Kush,

You said there were
two terrific covers albums of Dylan songs by prominent gospel and blues singers of the south.
Since I love gospel and blues (and bluegrass) could you give me the names of these albums. I have gotten the Dylan Essentials but haven't cracked the cellophane yet. I'm going on a long trip next week (not to the woodshed!) and will give Dylan a go then.

M
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Kush
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Post by Kush » Thu Apr 22, 2004 7:54 pm

My pleasure Moonlight. And you're in luck...there is a bluegrass tribute too. Here are the details and the amazon.com links for samples.

Gotta Serve Somebody: Gospel Songs of Bob Dylan
http://www.amazon.com/exec/obidos/ASIN/ ... 03-2242339


All Blues'd Up! Bob Dylan
http://www.amazon.com/exec/obidos/ASIN/ ... 03-2242339

Tangled Up In Bluegrass: A Tribute to Bob Dylan
http://www.amazon.com/exec/obidos/ASIN/ ... 03-2242339
(This one is only instrumental)

The All Blues'd Up album is a small label import (Holland) and is harder to get although I found it at a local store. The other two should be easily available.
Moonlight
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Post by Moonlight » Fri Apr 23, 2004 6:17 pm

Kush,


Thanks, I appreciate the info. I used the links and ordered from the Big A. I was raised on Bill Monroe and so am especially intrigued by the Tangled Up in Bluegrass. The CD's should get here before my long drive. I hope I don't OD on Dylan.



M
glyn
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Post by glyn » Wed May 12, 2004 5:14 pm

I don't know where I went wrong but two of my children buy The Sun regularly (for those of you who don't know the pits of the gutter press) and my son tells me that Dylan has asked if he can be a judge on Pop Idol in Britain! He read this in the paper.
glyn
Moonlight
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Post by Moonlight » Sat Jun 05, 2004 8:19 pm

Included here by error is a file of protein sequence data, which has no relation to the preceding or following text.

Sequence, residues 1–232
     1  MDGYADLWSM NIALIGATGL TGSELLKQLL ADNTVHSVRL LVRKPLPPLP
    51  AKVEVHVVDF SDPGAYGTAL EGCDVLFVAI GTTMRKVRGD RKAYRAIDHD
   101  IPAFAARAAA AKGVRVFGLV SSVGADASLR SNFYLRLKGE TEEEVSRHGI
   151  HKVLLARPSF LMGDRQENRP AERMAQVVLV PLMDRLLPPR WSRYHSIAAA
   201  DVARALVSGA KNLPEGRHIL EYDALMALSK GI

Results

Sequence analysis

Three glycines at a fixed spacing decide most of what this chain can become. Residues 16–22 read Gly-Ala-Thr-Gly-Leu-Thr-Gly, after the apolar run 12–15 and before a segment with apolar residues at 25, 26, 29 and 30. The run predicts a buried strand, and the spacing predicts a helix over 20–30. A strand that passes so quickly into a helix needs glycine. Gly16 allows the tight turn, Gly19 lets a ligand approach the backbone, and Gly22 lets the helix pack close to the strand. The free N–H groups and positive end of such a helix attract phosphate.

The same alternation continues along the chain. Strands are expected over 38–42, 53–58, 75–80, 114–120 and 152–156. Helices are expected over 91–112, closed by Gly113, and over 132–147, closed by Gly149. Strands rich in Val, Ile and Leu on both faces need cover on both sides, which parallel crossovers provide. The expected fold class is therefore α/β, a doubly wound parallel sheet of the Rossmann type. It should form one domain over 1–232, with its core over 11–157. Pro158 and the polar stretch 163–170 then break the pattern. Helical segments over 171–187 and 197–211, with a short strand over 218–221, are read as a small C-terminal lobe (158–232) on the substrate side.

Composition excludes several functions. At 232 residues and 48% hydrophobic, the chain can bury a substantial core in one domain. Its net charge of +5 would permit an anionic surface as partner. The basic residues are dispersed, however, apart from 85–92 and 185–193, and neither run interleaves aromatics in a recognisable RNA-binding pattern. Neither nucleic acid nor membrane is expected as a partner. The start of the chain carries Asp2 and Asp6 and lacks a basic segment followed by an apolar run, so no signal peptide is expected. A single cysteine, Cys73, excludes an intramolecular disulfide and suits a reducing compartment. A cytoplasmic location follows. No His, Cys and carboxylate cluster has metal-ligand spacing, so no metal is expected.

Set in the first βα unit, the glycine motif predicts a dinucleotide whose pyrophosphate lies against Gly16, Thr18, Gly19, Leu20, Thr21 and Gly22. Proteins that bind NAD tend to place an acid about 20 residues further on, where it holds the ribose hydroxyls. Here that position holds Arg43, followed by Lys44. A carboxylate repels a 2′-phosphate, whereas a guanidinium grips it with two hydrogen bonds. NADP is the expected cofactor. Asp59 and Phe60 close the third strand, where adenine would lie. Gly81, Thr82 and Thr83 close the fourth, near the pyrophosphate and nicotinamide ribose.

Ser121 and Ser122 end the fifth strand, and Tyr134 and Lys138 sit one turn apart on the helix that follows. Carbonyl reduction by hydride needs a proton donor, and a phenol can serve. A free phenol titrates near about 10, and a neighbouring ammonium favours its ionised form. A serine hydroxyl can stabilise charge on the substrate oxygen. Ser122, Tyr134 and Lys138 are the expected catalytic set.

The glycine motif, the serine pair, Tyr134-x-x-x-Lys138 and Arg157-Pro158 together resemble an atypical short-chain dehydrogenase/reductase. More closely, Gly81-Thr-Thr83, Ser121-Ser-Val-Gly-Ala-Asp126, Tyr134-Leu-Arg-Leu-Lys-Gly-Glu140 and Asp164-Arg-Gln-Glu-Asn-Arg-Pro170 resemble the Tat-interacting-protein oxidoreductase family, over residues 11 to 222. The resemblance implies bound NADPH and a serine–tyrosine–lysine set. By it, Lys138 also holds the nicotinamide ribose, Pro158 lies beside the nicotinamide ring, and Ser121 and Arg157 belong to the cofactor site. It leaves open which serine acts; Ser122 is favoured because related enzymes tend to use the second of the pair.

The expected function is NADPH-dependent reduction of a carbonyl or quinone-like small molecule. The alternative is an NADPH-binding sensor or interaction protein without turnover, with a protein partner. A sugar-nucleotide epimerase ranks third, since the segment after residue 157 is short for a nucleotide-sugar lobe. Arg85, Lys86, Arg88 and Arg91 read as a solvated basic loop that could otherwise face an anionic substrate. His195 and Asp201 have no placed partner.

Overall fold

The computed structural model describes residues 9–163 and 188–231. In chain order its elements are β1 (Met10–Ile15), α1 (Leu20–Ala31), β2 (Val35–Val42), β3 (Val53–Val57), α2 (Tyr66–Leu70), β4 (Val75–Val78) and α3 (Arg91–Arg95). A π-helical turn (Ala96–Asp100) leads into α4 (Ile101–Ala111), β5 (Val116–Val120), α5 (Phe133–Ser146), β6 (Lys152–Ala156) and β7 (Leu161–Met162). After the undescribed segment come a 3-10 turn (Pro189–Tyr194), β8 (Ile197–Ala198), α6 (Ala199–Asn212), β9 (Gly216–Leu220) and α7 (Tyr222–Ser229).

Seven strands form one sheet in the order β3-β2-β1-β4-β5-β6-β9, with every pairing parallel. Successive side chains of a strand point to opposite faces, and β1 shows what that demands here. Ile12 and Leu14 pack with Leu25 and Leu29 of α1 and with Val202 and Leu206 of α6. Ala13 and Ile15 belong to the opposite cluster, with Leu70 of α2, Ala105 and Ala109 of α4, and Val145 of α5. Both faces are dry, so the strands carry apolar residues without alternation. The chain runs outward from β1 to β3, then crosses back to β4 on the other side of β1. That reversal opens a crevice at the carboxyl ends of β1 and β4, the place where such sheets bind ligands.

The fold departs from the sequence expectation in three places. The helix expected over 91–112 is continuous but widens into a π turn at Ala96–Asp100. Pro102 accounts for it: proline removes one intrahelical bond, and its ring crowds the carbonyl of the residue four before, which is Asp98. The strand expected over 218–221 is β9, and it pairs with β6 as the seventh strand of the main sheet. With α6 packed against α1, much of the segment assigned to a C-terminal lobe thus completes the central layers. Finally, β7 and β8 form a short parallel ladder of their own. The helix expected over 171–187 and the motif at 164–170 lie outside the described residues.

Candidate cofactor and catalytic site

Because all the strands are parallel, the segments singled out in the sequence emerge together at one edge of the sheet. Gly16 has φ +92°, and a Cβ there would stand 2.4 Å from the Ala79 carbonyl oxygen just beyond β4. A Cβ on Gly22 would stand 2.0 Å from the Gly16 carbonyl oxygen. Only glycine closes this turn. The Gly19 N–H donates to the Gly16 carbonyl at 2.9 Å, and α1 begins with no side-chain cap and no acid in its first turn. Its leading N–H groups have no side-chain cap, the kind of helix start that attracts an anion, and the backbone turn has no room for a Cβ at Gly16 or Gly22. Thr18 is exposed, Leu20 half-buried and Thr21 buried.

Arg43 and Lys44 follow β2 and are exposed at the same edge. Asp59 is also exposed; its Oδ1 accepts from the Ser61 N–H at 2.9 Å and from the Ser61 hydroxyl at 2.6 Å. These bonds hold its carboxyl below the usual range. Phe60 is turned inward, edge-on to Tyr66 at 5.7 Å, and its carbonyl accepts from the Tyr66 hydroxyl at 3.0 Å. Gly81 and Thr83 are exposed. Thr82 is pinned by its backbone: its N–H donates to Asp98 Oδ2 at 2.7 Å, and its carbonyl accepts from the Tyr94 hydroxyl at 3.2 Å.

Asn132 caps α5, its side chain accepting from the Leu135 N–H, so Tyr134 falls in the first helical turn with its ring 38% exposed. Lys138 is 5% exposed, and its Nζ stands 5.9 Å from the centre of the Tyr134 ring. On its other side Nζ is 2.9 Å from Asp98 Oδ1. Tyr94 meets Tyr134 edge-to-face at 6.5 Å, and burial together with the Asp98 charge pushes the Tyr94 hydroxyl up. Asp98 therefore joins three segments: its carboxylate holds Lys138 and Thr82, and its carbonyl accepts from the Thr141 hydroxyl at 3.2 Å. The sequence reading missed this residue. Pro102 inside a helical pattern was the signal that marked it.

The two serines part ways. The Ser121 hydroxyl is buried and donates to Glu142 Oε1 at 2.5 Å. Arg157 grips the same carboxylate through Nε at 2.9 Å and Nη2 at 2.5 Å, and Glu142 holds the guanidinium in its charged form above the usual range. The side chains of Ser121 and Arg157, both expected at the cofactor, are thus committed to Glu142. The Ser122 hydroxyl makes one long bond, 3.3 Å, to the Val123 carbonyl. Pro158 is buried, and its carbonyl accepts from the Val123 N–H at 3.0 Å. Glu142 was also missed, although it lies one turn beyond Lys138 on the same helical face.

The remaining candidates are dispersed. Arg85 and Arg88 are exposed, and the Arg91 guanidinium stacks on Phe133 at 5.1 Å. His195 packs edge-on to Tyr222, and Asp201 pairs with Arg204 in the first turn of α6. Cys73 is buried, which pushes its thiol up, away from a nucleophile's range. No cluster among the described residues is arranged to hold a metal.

Hi Kush,

Just an update and a thank-you for the info again. I loved the Tangled Up in Blue and Gospel album. As for Bob Dylan, himself, I like the older Dylan better. In fact, "Not Dark Yet" is now my favorite song. I went out and bought Love and Theft and Time Out of Mind...and am playing them constantly. Which is what I do when I find something I really like...and then I get sick of it. Then I wait a few months and go back to it. (I do the same thing with Leonard Cohen's music...right now I'm sick of him. :)) Please don't anybody shoot me!

As for Dylan's earlier music I liked some of it...but I would find myself dreading the inevitable harmonica interlude...don't get me wrong I'm sure he's a great harmonica player...but the harmonica has the same effect on me that bagpipes had on Samuel Johnson.

I have a friend who told me a story about Dylan and I was wondering if it were true or apocryphal. I'd like to run down the source. It seems that Dylan back in the days of the 60s was being followed by the FBI as he traveled around the country. The KGB were following the FBI and Dylan. Dylan realizes he's being followed by both sides and one day stops the charade and invites everybody to lunch. So, the FBI, the KGB and Dylan sit down, have lunch and begin disucussing politics and world events. Dylan and the FBI were having a deep discussion on who the "real" enemy was. Was it Capitalism? Was it Communism? Was it Socialism? The KGB kept silent while all this wrangling was going on. Then one of them spoke up and said, "NO, you are all wrong. The Real Enemy is TELEVSION."

I sure hope this story is true...if it isn't...it should be. So I'm looking for the source. If anyone can help me I'd appreciate it.

The same friend also told me that Leonard Cohen wrote "A Singer Must Die" after he learned he was on Nixon's enemies list. Well, who wasn't on the list. I think it had over 600 names. :) Does anybody know if this is true. I feel like the National Enquirer.

M
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lightning
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Post by lightning » Sat Jun 05, 2004 9:02 pm

Moonlight, The story breaks down when it says Dylan invited the FBI man to lunch. Policemen and government agents also, I expect, are not allowed to accept gifts, food, or treats from civilians, especially those under surveillance. They aren't there to socialize or put themselves on equal social footing with their target. I'd file the non sequitur answer "television" under "apocryphal," especially if no souce can be quoted. Dylan might have said that in interview somewhere, and the story got invented.
Cohen was not upfront as many others in opposing the Viet Nam War so I would be surprised if Nixon were concerned with him.
Still there may have been some government threat that made Dylan want to keep his mouth shut or garble his words as he did last time he sang Masters of War on television.